Investors worldwide are increasingly concerned about the impact of their decisions on the future of the planet. At the same time, of course, they want to generate returns. Are the two goals mutually exclusive?
We examined how investors can incorporate climate-aware indices into a portfolio, and assessed the differences between the S&P Carbon Control Index Series and their traditional market-value-weighted counterparts. The ultimate goal was to establish whether using these indices can deliver the twin goals of reducing carbon emissions and delivering long-term returns.
A Booming Field
Globally, assets under management in climate-aware funds grew at a CAGR of about 15% a year over the past decade, from around US$600 million to more than US$2.2 trillion.1 In Australia, the growth trajectory has been even steeper at an annual average of 34%.1
The trend is undeniable – but how do these investments perform? Historical analysis suggests there is indeed a carbon premium, and that lower-carbon-intensity stocks to lead to higher returns.
In our view, there is reason to believe this is the case, but to understand the impact of using the Carbon Control Indices in place of their market-cap-weighted benchmarks, we created a carbon-aware simulated portfolio using S&P Carbon Control developed ex-Australia and emerging markets indices and compared it against its market-cap multi-asset benchmarks (market-value-weighted multi-asset benchmark).2
The results (Figure 1) show that historically, both climate-aware portfolios outperformed the market-cap weighted multi-asset benchmark across different time periods.
Given recent market volatility, we must be cautious about extrapolating past results to predict the future. Even so, we can reasonably expect that lower-carbon-intensity stocks will continue to find medium and longer-term support as the world tilts toward renewables and low-carbon energy alternatives.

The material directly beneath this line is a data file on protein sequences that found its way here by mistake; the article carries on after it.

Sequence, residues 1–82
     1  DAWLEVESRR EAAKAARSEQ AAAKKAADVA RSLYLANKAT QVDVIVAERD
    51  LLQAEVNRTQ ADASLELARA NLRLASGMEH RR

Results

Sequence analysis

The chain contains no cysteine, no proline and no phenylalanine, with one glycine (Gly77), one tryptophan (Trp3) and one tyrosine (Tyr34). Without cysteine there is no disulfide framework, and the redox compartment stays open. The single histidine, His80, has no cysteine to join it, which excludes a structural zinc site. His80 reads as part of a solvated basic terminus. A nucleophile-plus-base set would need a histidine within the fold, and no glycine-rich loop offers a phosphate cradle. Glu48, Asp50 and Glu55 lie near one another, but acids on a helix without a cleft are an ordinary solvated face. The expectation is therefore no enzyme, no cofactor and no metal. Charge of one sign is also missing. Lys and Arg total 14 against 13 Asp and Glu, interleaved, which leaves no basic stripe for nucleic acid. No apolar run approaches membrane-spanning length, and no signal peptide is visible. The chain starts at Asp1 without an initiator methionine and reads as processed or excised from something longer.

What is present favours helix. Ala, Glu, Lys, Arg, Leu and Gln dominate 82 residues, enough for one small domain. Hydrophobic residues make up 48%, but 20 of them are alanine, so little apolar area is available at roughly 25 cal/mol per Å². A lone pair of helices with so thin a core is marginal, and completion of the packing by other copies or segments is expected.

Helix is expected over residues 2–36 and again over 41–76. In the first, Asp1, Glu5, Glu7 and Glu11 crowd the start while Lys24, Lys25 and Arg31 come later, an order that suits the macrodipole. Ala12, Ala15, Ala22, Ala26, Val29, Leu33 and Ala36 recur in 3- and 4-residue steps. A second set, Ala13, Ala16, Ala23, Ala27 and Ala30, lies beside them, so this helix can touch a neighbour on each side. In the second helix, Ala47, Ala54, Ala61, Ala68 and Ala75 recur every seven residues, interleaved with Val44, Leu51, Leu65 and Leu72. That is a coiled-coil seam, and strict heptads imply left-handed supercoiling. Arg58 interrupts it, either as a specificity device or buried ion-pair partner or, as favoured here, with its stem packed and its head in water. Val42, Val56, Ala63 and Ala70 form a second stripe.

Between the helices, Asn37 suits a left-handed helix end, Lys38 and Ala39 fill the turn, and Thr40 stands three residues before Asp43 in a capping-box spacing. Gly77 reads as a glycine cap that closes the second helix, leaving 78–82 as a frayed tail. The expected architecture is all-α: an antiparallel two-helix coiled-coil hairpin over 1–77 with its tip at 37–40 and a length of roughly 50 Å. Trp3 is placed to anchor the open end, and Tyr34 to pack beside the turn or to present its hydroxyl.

Figure 1: Hypothetical Model Portfolio Using Carbon Control Benchmarks
Both climate-aware portfolios demonstrated not just financial outperformance but also a material reduction in their carbon-emissions intensity after replacing their market-cap weighted benchmarks with Carbon Control Indices. For the S&P Developed ex-Australia Carbon Control Index, we saw a reduction of nearly 70% in emissions intensity compared with the Developed ex-Australia broad benchmark. For the S&P Emerging Markets Carbon Control Index, there was an even stronger reduction in carbon emissions (more than 80% on average3) compared with the broad benchmark.
For investors, the results of this study suggest that reducing carbon intensity by following these indices does not materially impact portfolios. Not only that, it represents a sensible investment strategy for long-term returns, and a responsible one for the future of the planet.
To downloaded a copy of the full research report, How to Mitigate Climate Risk with International Equities, click here.
1 Source: State Street Global Advisors, Morningstar. Data from February 2012 to January 2022.